The Adversary

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Psa. 90 begins the fourth book of the Psalms, with a most touching rehearsal of God's gracious ways to a delivered people.
"There was in a city a judge, which feared not God, neither regarded man: And there was a widow in that city; and she came unto him, saying, avenge me of mine adversary. And he would not for a while: but afterward he said within himself Though I fear not God, nor regard man; Yet because this widow troubleth me, I will avenge her, lest by her continual coming she weary me. And the Lord said, Hear what the unjust judge saith. And shall not God avenge His own elect, which cry day and night unto Him, though He bear long with them? I tell you that He will avenge them speedily" (Luke 18:2-82Saying, There was in a city a judge, which feared not God, neither regarded man: 3And there was a widow in that city; and she came unto him, saying, Avenge me of mine adversary. 4And he would not for a while: but afterward he said within himself, Though I fear not God, nor regard man; 5Yet because this widow troubleth me, I will avenge her, lest by her continual coming she weary me. 6And the Lord said, Hear what the unjust judge saith. 7And shall not God avenge his own elect, which cry day and night unto him, though he bear long with them? 8I tell you that he will avenge them speedily. Nevertheless when the Son of man cometh, shall he find faith on the earth? (Luke 18:2‑8)).
The widow of the city Zion is praying to the Lord for vengeance upon her adversary (the Assyrian), but at the same time she is accepting her circumstances from the Lord. The threat to her security is overwhelming, but she is one of God's elect, and although she is threatened, she has a sure Protector.
Psa. 91
The dialog of Psa. 91 sets forth the feelings of Jehovah and the nation of Israel, after the primary restoration of Judah and Benjamin and during the return of the ten tribes to their land again.
In the dialog the Lord says, "He that dwelleth in the secret place of the Most High shall abide under the shadow of the Almighty." They answer, "I will say of the LORD, He is my refuge and my fortress: my God; in Him will I trust." The Lord answers, "He shall cover thee with His feathers, and under His wings shalt thou trust."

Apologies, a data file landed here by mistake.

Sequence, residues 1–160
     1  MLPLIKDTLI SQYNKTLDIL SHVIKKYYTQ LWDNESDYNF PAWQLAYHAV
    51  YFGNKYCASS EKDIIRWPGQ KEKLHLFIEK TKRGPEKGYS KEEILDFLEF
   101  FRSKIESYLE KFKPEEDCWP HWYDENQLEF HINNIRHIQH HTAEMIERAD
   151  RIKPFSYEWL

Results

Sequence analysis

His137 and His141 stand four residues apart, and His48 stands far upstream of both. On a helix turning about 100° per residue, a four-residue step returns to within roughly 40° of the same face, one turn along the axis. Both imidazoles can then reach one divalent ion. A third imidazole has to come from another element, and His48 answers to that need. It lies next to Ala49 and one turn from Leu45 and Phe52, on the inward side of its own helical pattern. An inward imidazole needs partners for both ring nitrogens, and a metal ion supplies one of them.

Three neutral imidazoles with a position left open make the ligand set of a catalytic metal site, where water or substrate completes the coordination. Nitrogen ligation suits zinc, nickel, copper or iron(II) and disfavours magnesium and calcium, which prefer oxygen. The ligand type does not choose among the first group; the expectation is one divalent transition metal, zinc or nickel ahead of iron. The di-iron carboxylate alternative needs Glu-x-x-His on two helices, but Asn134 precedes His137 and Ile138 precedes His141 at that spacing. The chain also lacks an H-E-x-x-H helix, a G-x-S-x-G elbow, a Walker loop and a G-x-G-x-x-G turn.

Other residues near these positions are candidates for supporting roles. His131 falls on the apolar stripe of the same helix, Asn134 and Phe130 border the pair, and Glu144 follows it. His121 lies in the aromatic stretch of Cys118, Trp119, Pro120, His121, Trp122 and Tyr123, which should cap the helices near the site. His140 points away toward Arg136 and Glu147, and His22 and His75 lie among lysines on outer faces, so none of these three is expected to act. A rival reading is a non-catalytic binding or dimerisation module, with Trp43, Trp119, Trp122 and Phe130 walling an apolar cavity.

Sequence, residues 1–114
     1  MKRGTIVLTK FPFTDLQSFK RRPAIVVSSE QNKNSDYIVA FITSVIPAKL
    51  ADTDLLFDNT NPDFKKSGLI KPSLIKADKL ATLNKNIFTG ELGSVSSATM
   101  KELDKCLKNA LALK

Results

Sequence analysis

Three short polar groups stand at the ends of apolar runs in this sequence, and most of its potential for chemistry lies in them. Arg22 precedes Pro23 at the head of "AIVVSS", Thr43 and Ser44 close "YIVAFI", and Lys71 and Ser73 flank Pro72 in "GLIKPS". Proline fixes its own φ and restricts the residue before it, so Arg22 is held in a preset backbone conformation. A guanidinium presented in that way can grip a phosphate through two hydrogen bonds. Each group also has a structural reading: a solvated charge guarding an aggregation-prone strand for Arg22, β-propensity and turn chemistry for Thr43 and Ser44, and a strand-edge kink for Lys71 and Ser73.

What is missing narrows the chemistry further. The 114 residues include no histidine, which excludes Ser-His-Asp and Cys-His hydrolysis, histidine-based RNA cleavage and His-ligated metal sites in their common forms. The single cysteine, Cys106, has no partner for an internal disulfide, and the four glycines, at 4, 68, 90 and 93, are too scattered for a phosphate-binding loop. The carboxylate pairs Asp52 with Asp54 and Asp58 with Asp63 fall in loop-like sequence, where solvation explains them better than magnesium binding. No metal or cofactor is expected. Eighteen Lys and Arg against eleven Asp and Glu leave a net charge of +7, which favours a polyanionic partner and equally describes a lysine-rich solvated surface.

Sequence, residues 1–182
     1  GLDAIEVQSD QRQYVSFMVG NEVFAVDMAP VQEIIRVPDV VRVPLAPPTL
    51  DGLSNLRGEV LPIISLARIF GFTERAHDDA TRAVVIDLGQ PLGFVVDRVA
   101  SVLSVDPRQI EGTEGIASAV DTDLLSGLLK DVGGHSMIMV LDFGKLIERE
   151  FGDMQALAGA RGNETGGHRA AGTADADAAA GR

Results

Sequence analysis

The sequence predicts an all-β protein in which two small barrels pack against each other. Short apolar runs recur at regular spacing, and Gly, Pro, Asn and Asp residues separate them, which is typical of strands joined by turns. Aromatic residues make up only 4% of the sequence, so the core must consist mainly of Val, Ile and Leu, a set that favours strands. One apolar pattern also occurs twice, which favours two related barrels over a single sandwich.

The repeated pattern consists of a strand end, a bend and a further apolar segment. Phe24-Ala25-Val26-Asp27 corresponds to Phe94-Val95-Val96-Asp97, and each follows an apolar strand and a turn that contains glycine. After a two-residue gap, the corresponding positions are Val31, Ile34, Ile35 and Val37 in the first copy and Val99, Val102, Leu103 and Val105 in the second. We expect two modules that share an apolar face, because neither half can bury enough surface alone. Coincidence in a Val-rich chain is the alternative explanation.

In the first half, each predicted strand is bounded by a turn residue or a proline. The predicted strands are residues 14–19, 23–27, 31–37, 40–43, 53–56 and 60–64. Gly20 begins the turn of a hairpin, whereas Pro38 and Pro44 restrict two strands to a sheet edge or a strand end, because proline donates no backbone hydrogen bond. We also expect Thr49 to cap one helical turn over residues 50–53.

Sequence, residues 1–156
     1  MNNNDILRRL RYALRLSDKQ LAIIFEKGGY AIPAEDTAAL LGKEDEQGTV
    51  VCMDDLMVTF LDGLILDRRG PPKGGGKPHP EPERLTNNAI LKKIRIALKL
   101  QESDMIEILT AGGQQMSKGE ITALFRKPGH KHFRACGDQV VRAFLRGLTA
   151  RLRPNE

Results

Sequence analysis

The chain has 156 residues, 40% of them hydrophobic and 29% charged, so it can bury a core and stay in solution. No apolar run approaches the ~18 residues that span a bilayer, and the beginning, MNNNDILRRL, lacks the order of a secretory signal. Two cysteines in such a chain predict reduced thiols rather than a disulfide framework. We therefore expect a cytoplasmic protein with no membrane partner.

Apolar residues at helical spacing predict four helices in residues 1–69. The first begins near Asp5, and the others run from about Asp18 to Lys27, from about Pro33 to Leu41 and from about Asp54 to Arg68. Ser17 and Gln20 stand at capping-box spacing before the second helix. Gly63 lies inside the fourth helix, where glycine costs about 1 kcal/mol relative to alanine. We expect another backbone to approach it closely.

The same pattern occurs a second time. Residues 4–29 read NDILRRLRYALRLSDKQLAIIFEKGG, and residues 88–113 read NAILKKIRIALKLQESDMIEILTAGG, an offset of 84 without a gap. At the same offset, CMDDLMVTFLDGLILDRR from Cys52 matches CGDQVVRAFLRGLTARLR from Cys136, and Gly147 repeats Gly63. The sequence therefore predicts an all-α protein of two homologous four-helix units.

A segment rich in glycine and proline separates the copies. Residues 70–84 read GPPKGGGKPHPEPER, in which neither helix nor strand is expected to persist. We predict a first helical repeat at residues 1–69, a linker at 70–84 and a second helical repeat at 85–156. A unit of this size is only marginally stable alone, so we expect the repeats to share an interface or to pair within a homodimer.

This is the fulfillment of the desire in the breast of the Lord Jesus as He wept over Jerusalem. "How often would I have gathered thy children together, even as a hen gathereth her chickens under her wings, and ye would not!"
The entire twelve tribes will find their shelter under the wings of the Redeemer of Israel.
During the period of the restoration of the ten tribes of Israel, there will be deep conviction of heart, as they remember their ways. "There were great searchings of heart."
The heart must be right with Jehovah before He can give full deliverance from their enemies and remove the yoke of the Assyrian. "Is thine heart right, as my heart is with thy heart?"
The people of God, though delivered, will be under the threat of the enemy nations in siege about them, although the enemy will never touch one of the children of Israel again.
Zech 12:2
"I the LORD do keep it; I will water it every moment: lest any hurt it, I will keep it night and day."
All twelve tribes, having returned through the special providence of Jehovah, are dwelling safely, prospering in their own land. Covetous eyes lead the surrounding nations to lay siege to Jerusalem and environs (Zion).
"And He spake a parable unto them to this end, that men ought always to pray, and not to faint" (Luke 18:11And he spake a parable unto them to this end, that men ought always to pray, and not to faint; (Luke 18:1)).
In Psa. 94:66They slay the widow and the stranger, and murder the fatherless. (Psalm 94:6) there is a special prayer or supplication to God for vengeance. "They slay the widow." In complete dependence she says, "O LORD God, to whom vengeance belongeth; O God, to whom vengeance belongeth, show Thyself. Lift up Thyself, Thou judge of all the earth; render a reward to the proud."
"Unless the LORD had been my help, my soul had almost dwelt in silence."
The enemy, who will still be threatening, will come in like a flood, like unto the day of Noah, although he will lay siege at first for some time. Then he attacks Jerusalem; when this takes place, at the cry of the widow (remnant) the Lord will lift up a standard against him.
Can anything exceed the glory shown, as Jehovah, at the cry of His beleaguered people, roars out of Zion to completely crush those who would dare to touch the apple of His eye?